NEW YORK (Reuters) - Electric cars will not be dramatically cleaner than autos powered by fossil fuels until they rely less on electricity produced from conventional coal-fired power plants, scientists said on Monday.
“For electric vehicles to become a major green alternative, the power fuel mix has to move away from coal, or cleaner coal technologies have to be developed,” said Jared Cohon, the chair of a National Research Council report released on Monday called “Hidden Costs of Energy: Unpriced Consequences of Energy Production and Use.”
About half of U.S. power is generated by burning coal, which emits many times more of traditional pollutants, such as particulates and smog components, than natural gas, and about twice as much of the main greenhouse gas carbon dioxide.
Nuclear and renewable power would have to generate a larger portion of U.S. power for electric cars to become much greener compared to gasoline-powered cars, Cohan, who is also president of Carnegie Mellon University, said in an interview.
Advances in coal burning, like capturing carbon at power plants for permanent burial underground, could also help electric cars become a cleaner alternative to vehicles powered by fossil fuels, he said.
Pollution from energy sources did $120 billion worth of damage to human health, agriculture and recreation in 2005, said the NRC report, which was requested by the U.S. Congress in 2005 and sponsored by the U.S. Department of the Treasury.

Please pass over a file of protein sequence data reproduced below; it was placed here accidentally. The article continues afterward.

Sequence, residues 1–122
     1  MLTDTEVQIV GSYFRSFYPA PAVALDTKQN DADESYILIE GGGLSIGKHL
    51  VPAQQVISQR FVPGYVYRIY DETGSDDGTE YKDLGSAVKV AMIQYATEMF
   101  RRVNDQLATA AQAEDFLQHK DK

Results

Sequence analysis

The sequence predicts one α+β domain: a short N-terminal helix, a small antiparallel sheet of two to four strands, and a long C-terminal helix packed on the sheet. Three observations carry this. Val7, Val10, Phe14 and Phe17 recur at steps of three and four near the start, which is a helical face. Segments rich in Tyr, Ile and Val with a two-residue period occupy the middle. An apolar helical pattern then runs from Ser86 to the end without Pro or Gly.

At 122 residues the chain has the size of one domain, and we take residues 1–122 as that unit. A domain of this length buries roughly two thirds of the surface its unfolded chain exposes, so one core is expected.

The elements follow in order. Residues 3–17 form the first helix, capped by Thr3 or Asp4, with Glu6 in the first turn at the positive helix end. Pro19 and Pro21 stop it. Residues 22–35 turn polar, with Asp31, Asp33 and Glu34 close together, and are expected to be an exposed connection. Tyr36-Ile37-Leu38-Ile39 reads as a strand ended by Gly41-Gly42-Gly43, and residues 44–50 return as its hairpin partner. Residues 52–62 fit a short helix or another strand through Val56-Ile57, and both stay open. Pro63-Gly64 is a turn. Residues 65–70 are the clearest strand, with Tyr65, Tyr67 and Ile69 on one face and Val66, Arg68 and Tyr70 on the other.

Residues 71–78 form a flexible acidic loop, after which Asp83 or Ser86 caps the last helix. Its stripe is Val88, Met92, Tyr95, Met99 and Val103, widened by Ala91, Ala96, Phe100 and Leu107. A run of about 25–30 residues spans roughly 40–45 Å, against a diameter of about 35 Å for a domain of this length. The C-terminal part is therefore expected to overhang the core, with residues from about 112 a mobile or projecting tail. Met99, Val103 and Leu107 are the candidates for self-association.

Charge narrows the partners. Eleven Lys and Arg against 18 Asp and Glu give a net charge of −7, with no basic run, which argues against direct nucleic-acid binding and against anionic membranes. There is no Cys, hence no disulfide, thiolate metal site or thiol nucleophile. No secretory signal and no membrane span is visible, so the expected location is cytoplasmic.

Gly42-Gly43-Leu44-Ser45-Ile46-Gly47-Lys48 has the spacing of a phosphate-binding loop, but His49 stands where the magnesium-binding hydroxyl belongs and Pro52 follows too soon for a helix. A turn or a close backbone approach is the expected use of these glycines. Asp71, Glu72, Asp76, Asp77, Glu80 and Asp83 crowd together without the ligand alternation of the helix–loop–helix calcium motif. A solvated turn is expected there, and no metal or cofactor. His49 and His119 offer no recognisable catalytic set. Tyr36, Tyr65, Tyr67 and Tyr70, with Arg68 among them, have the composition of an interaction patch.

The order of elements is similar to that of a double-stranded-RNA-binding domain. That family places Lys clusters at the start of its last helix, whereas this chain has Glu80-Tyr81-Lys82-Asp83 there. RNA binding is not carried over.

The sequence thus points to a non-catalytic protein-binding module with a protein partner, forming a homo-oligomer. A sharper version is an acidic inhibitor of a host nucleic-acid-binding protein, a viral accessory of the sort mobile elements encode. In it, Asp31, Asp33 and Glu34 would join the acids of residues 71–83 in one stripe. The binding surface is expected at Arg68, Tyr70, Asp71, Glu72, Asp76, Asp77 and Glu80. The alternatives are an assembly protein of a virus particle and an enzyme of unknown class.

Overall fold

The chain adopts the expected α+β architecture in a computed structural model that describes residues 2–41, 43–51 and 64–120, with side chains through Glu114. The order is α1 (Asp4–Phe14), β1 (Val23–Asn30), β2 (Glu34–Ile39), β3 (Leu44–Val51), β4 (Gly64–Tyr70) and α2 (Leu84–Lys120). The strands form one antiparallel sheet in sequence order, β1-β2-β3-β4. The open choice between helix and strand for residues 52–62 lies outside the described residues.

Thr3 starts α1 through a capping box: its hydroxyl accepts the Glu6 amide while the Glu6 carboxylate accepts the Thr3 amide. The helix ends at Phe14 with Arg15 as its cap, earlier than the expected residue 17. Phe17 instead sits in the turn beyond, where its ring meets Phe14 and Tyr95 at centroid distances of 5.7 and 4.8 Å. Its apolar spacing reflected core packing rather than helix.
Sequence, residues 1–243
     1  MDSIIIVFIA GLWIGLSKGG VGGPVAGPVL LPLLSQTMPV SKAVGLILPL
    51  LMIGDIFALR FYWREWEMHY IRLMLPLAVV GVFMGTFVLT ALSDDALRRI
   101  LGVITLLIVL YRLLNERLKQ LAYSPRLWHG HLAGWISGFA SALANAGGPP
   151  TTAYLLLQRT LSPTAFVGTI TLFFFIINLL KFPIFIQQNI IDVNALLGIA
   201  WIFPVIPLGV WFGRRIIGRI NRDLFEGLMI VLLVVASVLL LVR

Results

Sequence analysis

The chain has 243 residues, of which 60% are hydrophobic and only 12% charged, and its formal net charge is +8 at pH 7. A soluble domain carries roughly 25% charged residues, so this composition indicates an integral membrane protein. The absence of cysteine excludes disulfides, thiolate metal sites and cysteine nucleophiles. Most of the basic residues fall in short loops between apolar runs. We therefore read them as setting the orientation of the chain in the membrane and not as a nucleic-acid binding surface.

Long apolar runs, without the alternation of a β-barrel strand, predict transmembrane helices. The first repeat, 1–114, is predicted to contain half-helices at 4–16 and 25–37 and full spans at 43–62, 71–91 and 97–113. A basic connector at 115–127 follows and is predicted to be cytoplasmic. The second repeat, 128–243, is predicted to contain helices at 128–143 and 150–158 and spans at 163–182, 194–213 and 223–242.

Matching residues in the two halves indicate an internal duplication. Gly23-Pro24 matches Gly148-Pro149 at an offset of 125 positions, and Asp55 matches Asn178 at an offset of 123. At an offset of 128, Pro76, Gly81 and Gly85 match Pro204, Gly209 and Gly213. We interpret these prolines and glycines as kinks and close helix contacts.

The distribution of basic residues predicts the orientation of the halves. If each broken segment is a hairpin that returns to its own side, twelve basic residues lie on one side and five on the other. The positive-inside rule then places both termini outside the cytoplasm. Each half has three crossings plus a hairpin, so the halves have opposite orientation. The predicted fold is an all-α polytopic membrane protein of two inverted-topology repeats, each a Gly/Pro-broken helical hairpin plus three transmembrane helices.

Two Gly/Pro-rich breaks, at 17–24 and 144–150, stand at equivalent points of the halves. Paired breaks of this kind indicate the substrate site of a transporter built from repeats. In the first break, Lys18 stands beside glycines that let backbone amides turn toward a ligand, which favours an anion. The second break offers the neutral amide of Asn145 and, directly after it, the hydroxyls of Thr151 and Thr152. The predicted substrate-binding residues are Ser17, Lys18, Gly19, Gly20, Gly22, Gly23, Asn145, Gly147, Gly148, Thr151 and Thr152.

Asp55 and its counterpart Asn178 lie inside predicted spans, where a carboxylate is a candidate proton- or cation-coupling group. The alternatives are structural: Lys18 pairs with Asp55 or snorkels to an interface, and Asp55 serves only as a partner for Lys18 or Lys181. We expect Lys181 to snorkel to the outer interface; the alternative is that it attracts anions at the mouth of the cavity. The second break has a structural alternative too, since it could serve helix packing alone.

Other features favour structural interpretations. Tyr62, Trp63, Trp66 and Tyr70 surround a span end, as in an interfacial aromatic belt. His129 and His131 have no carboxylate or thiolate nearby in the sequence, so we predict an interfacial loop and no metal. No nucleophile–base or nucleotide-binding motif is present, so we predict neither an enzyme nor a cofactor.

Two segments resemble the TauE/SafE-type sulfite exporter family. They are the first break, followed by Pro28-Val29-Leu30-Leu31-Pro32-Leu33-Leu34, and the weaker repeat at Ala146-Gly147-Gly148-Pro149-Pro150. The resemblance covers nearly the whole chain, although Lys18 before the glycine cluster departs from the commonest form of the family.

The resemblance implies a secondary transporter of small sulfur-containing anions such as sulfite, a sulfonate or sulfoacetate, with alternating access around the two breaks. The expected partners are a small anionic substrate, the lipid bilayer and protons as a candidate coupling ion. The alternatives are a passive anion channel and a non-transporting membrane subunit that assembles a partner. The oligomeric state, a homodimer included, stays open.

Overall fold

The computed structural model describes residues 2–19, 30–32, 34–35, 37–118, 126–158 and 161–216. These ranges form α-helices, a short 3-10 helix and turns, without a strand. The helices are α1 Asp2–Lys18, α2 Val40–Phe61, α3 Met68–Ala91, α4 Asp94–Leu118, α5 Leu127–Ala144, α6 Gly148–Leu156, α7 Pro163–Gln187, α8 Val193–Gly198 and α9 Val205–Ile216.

Electricity was responsible for more than half of the damage, the report said.
Electric cars have other benefits such as reducing imports of foreign oil. But they can also have hidden costs
Materials in electric car batteries are hard to produce, which adds to the energy it takes to make them. In fact, the health and environmental costs of making electric cars can be 20 percent greater than conventional cars, and manufacturing efficiencies will have to be achieved in order for the cars to become greener, the report said.
Emissions from operating and building electric cars in 2005 cost about 0.20 cents to 15 cents per vehicle mile traveled, it said. In comparison, gasoline-powered cars cost about 0.34 cents to 5.04 cents per vehicle mile traveled.
The report estimated that electric cars could still cost more than gasoline-powered cars to operate and manufacture in 2030 unless U.S. power production becomes cleaner.
Hybrid gasoline-electric vehicles with batteries that are charged by the driver hitting the brakes scored slightly better than both gasoline-powered cars and plug-in hybrid cars, which have batteries that are charged by the power grid.
Editing by Christian Wiessner